I did manage to get somewhere with #4. I added a config file option to prefer adding roads with a single jog that end in two 4-way intersections over a single straight road with a 3-way intersection at one end. I'm not sure it helps much. The connectivity graph is worse, and cars have to travel further to get to their destinations. Maybe the only real benefit is extra road length to hold waiting cars. I can use this as a last resort if needed.

It could be time to start teleporting those pesky cars that block the intersection somewhere else on the map while the player isn't looking. I added wait time tracking for cars stopped at lights or in intersections. If the car has been waiting for more than a minute, it's front end is out in the intersection (blocking it), and the light has turned yellow, it's removed and respawned somewhere else in a random city. I didn't bother to implement the "when the player isn't looking" part because that makes it too hard to debug. Did that car I was looking at 30 seconds ago finally get to turn, or was it teleported somewhere else? I can't tell! If only I could see it teleport, then I would know that code was working.

I've definitely made progress using these improvements, but not enough to have the car simulation run forever without cars getting stuck. I have to get back to preventing cars from stopping in intersections. That's the root problem. I need something more complex than looking one car ahead, something with longer term planning. Someone suggested looking at all the cars in front of the current car and calculating whether or not they can fit in the current road segment if they were to stop. This makes sense. If they can't all fit, the querying car should stop before entering the intersection. That's the safest decision it can make.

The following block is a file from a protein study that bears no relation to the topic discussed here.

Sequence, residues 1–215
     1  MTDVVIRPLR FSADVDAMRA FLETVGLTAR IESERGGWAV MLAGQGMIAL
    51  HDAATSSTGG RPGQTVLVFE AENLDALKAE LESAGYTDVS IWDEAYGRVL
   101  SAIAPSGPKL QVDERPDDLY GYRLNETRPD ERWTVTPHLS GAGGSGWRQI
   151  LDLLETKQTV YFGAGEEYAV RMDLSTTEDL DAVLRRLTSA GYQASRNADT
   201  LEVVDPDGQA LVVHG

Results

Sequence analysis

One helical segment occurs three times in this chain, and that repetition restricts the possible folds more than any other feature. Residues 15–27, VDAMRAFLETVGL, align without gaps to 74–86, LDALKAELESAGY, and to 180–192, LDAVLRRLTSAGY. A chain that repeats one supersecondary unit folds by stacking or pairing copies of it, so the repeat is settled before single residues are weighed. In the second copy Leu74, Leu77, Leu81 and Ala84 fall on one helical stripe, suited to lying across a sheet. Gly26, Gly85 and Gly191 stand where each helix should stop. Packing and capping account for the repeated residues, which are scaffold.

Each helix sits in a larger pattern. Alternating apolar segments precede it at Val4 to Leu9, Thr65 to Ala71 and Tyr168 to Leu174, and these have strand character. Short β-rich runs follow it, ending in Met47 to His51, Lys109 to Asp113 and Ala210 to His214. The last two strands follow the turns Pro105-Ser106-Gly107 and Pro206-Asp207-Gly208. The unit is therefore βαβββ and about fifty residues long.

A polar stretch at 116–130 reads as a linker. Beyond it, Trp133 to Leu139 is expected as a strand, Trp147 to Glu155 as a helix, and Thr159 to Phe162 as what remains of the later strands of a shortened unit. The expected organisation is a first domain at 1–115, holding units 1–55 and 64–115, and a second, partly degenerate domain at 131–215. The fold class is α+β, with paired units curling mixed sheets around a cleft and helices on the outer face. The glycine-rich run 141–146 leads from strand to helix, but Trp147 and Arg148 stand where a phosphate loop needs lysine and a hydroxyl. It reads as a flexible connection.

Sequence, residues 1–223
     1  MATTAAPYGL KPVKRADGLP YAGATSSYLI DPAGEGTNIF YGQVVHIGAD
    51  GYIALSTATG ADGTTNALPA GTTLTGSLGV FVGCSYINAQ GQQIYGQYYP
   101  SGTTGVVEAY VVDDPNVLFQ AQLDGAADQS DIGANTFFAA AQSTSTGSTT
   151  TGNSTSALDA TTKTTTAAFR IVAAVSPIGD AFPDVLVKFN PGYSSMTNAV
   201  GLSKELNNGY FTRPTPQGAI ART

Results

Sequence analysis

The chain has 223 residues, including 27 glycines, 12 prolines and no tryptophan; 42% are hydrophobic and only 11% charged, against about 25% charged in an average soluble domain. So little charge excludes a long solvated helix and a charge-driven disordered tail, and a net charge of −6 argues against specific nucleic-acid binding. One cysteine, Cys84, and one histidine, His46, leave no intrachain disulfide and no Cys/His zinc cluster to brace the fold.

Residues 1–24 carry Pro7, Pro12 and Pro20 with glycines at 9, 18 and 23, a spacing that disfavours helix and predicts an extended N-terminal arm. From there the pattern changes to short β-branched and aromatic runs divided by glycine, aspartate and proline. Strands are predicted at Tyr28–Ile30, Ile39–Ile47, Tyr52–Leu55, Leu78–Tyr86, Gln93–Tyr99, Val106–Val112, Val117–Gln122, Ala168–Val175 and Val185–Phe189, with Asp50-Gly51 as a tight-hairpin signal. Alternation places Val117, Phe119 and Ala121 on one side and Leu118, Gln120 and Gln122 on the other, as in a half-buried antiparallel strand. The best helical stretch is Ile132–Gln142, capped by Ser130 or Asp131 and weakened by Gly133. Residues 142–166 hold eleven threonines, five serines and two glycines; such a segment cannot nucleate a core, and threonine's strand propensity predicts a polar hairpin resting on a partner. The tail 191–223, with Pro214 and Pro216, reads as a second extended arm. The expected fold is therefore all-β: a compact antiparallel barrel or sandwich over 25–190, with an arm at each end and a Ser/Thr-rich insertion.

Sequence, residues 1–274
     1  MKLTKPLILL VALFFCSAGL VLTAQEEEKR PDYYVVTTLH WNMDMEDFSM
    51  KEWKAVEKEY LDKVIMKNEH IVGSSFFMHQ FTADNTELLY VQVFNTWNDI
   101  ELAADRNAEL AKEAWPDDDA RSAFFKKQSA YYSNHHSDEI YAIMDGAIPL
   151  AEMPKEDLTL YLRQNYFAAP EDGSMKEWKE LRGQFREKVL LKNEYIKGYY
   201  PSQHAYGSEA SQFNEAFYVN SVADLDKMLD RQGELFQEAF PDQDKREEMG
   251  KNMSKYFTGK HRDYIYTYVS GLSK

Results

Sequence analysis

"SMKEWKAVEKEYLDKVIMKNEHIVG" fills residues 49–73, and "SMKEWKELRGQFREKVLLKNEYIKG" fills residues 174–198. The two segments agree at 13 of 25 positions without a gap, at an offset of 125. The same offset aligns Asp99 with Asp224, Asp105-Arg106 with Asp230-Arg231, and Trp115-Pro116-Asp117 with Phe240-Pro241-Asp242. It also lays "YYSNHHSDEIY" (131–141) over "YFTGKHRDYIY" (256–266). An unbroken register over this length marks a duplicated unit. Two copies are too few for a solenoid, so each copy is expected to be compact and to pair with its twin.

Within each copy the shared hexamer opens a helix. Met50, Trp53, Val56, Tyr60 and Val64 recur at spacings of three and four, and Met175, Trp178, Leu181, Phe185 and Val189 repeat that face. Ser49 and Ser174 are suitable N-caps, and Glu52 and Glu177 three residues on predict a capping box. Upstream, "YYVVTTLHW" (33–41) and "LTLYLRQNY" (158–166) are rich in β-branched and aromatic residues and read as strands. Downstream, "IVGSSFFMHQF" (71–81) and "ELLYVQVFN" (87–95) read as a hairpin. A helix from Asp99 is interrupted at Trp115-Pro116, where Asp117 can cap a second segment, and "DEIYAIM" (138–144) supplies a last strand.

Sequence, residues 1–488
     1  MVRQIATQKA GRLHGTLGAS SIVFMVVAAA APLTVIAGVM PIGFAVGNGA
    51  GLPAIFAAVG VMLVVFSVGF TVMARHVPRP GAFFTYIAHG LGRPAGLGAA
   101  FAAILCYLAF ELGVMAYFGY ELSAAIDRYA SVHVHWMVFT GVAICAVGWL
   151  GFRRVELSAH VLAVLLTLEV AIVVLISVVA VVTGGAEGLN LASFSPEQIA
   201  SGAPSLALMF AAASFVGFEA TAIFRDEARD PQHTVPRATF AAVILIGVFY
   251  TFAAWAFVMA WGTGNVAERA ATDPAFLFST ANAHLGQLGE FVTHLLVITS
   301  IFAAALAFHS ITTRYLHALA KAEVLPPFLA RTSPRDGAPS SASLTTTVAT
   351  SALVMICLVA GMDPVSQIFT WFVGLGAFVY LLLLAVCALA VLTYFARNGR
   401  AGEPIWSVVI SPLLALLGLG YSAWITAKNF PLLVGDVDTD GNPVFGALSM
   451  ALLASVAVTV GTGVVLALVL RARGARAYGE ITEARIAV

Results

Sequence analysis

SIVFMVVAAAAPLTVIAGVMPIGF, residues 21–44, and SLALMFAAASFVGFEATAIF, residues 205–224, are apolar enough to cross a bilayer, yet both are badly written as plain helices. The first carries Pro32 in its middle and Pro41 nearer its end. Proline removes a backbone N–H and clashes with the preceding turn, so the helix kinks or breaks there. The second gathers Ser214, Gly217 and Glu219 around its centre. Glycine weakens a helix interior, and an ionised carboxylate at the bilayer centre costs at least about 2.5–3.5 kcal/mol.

Skipping to the conclusion - yes, this definitely works, but it's no easy task. I need to find cars on the same road segment when cars are on roads between intersections. When cars are entering or in intersections, I need to find the car in front, which may be in the intersection or on the road segment leading out of the intersection. Cars waiting at lights on the other side of the intersection don't count. Those new 4-way connector road intersections have roads with different city and road IDs on both sides of the intersection, and that has to be handled. There are a lot of cases, but after a lot of work I think I have it right.

If I let the simulation run for a long time (~40 min.), I still get one form of gridlock. I call this the "infamous right turn loop". Here is a picture of it.

The infamous right turn loop. The cars in this loop are all making right turns, but there's no space for any of them to move.

All four roads around this city block are filled with cars. The cars at each of the four intersections of the inside roads of this loop are trying to turn right. It's not really possible for a car to block a right turn unless it's also going in the same direction, so blocked intersections aren't the cause. There simply isn't room for any car to move. All of these cars are waiting because they have no space to move. This is like filling a race track with as many cars as can physically fit and having them race. Not possible! At least not without some car violating the minimum separation distance and risking colliding with the car in front.